In the MM-CIPN patients, there was a significant positive correlation between increasing neuropathy score (TNS-reduced version) and BOLD response in the operculo-insular cortex. This region includes parts of the insula deep inside the lateral sulcus. It also includes parts of the frontal and parietal lobes that cover the insula, called the opercula. The operculum is known to play a part in the cortical processing of painful stimuli [37]. There is evidence to show that the intensity of activation of the operculo-insular cortex correlates with perceived pain intensity in the human brain [38].

Interestingly, in our cohort of MM-CIPN patients, no functional anatomical response was identified in the superior frontal gyrus. This could result from adaptation due to the chronic presence of painful neuropathy of at least two years duration. Patients reported high scores in the chronic pain acceptance questionnaire and low scores in the pain catastrophizing questionnaire, which supports the hypothesis that reduction in BOLD fMRI response to acute heat-pain stimulation follows from long-term neuropathy-related pathophysiology. Previous studies have highlighted deactivation of the prefrontal cortex in response to pain in cluster headaches [39]. Repetitive transcranial magnetic stimulation has also been linked to deactivation in capsaicin-induced pain [40]. Activation in the right superior frontal gyrus has been previously reported in studies applying painful stimuli to healthy volunteers and activation in this area has been attributed to both the subjective experience of pain and other general unpleasant experiences [41].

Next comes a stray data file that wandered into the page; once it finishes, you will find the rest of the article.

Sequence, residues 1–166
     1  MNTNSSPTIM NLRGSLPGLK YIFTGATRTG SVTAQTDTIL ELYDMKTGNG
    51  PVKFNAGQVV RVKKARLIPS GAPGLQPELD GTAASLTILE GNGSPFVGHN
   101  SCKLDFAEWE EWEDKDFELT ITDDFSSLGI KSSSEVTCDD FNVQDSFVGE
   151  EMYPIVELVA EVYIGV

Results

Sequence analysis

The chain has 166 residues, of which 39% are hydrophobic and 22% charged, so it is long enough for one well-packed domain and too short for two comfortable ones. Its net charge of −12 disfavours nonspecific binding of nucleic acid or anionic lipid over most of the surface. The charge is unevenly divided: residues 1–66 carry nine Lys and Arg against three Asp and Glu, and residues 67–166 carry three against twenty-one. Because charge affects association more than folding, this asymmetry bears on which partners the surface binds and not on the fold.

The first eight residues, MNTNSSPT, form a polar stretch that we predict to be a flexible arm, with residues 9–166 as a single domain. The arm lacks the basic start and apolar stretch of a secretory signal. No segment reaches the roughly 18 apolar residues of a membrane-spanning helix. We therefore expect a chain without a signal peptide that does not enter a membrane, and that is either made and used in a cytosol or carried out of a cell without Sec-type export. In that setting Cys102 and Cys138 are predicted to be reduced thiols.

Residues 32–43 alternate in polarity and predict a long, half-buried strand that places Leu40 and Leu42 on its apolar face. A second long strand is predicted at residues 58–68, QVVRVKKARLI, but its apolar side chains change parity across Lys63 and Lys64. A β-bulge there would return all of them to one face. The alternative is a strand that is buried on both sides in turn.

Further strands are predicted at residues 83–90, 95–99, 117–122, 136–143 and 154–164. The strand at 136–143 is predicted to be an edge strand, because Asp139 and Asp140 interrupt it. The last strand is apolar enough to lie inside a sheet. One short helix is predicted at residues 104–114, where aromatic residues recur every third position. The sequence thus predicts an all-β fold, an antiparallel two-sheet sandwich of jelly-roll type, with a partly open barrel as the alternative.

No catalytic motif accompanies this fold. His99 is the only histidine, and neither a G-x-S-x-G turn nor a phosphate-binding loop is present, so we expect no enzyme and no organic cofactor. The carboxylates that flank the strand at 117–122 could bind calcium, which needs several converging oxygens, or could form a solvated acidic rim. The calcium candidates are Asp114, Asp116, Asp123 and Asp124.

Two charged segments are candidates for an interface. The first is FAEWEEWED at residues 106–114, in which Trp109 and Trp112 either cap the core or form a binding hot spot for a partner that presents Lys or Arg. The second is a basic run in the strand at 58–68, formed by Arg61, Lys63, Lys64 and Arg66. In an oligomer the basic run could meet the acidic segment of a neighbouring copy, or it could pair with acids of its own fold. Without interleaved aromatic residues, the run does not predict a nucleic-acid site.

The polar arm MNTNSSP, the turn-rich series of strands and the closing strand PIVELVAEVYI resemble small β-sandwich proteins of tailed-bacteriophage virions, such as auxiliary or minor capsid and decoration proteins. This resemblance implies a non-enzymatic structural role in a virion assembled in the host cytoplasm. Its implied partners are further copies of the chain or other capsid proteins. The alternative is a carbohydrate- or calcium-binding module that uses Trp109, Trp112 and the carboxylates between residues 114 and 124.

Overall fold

We identified regions that are known components of the brain's pain matrix, during painful stimulation in both healthy volunteers and MM-CIPN patients. These functional areas are comparable to those found in other disease groups [23], [42][44].

There are numerous factors that may influence the overall in-vivo fMRI experiment [45]. In the current ‘box-car’ design, the BOLD effect is based on changes in MR signal between functional states, the source of which is assumed to be dominated by the net haemodynamic change linked to localised differences in synaptic and neuronal firing. It is not a direct measure of neuronal activity; rather it is an indirect physiological response. The vascular coupling is currently not fully understood, particularly in the context of pathophysiology. One potential limitation of this study was that the median age of the MM-CIPN group was greater than that of the healthy volunteers (albeit similar, approximately 10 years). The reported influences of age on BOLD fMRI response for non-pain-specific studies appear complex including overall intracranial increases, increases in frontal regions and decreases in the anterior regions, all with increasing age (a proposed posterior-anterior shift with age reported between 22- year and 69- year old normal volunteer groups) [46]. It must also be noted that chemotherapeutic agents themselves may alter vascular function and thus results should be interpreted in the light of these potential modulatory factors. However, as effects caused by alterations in cardiac output are likely to be systemic in nature and the group age difference in this study being comparatively small, it is assumed that potential effects between different intra-cranial functional areas are secondary to the proposed neuropathic effects. The significant correlation found with increasing neuropathic severity supports this hypothesis. Additionally, in terms of group response to pain-provoking stimulation, there were no significant differences between median temperatures that were delivered and their resultant pain ratings to either of the groups.